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Life And Death During The Olympic Games

The Beijing Olympics began at 8:00 p.m. on the eighth day of the eighth month of 2008. Sacred numbers. (A baby in Seattle, born then, weighed eight pounds. And eight ounces? That wasn't reported.) I watched the stupendous razzle-dazzle at my brother-in-law's house on Savannah's Isle of Hope. No razzle-dazzle here, just the Skidaway River shining through the oaks and Spanish moss, and alongside which strolled solitary walkers, joggers, mothers wheeling baby carriages, and well-fed drivers of golf carts, a moving frieze against the beautiful, after-storm sky.

On the Beijing spectacle of spectacles, thousands of synchronized dancers, acrobats, and gymnasts gyrated on enormous digitalized scrolls. They whirled around a translucent blue ball, then gave way to gorgeous fireworks and a flying athlete who, aloft, ignited the scroll-shaped cauldron with the torch that had been carried--and booed--around the earth. The Olympics were open. A parade of athletes grouped by nationality and dressed by famous designers circled the great field; the last contingent was the Chinese. It was headed by the seven-foot basketball player, Yao Ming, who walked beside and later carried tiny Lin Hao, the nine-year-old Sichuan schoolboy who'd dug himself out of the earthquake-made rubble where 20 of his 30 classmates had died and then gone back into it to dig out two of them. Asked why, he said it was his responsibility, he'd been a hall monitor. More than all the fireworks and athletes put together, little Lin Hao had innocently brought China back into the world community.

My wife, a student of Chinese and China, said that one of the crucial tenets of Chinese culture was "Responsibility for Others." The jewel in the crown.

Back home, a call came telling us that our friend, Ted Solotaroff, an exemplum of responsibility, had died on this afternoon of 08/08/08. The caller, his step-daughter, said he'd been peaceful, talking to his wife and another step-daughter when a thunder storm broke out. The noise must have startled something which broke what little was left of him.

Ted was part of a young University of Chicago literary group of the Fifties, the third dead these last 16 months. I called to tell the other survivor, Philip Roth, and we spoke about Ted who'd written, half a century ago, the first serious criticism of Roth's work.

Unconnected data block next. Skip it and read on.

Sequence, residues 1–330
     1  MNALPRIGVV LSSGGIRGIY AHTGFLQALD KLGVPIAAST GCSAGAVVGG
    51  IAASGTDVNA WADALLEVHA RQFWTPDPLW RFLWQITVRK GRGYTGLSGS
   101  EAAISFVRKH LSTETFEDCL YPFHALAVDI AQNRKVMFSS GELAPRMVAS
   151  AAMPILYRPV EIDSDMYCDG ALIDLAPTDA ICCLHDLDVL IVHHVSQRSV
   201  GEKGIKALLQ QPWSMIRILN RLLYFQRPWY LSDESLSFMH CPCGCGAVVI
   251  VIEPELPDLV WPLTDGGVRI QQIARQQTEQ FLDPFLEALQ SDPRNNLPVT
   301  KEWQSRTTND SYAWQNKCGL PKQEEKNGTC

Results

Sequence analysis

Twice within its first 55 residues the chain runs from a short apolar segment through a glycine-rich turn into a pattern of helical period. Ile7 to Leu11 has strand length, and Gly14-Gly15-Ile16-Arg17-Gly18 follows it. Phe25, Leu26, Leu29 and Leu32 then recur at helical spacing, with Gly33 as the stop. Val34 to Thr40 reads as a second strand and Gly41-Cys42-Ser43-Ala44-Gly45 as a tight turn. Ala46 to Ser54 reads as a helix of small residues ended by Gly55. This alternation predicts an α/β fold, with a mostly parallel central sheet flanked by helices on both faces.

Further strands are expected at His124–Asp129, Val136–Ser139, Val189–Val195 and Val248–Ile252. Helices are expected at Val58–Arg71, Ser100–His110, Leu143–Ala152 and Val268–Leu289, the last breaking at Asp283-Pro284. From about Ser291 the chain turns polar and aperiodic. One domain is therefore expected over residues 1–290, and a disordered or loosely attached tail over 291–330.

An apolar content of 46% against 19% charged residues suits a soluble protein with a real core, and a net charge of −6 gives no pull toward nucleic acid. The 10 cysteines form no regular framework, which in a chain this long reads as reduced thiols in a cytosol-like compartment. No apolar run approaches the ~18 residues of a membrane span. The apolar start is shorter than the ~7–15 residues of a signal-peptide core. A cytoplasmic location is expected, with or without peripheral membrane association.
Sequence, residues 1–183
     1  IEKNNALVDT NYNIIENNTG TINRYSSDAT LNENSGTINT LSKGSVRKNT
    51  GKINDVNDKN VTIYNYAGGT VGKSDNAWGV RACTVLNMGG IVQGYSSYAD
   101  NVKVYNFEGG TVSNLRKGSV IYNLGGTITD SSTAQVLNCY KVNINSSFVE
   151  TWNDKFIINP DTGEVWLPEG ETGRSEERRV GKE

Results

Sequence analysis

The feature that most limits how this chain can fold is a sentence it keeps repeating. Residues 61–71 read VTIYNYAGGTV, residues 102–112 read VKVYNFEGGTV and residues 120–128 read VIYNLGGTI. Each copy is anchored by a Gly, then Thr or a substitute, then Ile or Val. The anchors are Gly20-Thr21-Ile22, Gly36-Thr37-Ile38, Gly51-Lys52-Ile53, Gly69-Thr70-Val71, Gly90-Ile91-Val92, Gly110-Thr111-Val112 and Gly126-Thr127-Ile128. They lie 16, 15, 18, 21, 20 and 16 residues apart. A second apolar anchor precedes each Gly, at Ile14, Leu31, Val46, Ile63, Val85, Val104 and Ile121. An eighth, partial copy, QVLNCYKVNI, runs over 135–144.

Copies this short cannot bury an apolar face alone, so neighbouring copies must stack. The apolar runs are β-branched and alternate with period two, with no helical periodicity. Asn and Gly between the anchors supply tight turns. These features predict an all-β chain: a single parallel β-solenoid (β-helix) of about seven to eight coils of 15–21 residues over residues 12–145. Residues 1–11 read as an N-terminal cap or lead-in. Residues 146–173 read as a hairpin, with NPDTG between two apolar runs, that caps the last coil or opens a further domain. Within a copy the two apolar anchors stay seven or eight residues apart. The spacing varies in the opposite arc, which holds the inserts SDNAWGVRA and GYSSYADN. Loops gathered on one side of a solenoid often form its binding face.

Like Roth, Solotaroff did not finish graduate work at the university. Like Roth, he went on to New York. He had a job on the literary section of the New York Herald Tribune. Then he became an editor of Commentary and at Harper Collins. He edited New American Writing, which first published many outstanding writers and wrote fine reviews and essays for such publications as TLS and The New Republic. In his last years, he published his best work, two books of memoir. He was at work on the third when he died. In short, the exemplary career of a responsible citizen of the Republic of Letters or--to give the title of his collection of essays--the "literary community."

On Saturday, August 9, another jewel in the crown of international decency died in Houston after cardiac surgery. Mahmoud Darwish was the leading poet of Palestine, and his life will be celebrated by three days of national mourning. He spoke and wrote about the attempt to expel his Palestinian brothers from history, but also wrote, "I will continue to humanise even the enemy... The first teacher who taught me Hebrew was a Jew. The first love affair in my life was with a Jewish girl. The first judge who sent me to prison was a Jewish woman. So from the beginning, I didn't see Jews as devils or angels but as human beings." Several of his poems are to Jewish lovers. "These poems take the side of love not war." Lin Hao, Ted Solotaroff, Mahmoud Darwish. These jewels in the human crown shine more and more brightly as brutality, greed, and meanness erupt in Ossetia, Darfur, Zimbabwe, and a hundred other pits of ugliness on the human map.

--Richard Stern

Richard Stern is a novelist and emeritus professor of English at the University of Chicago.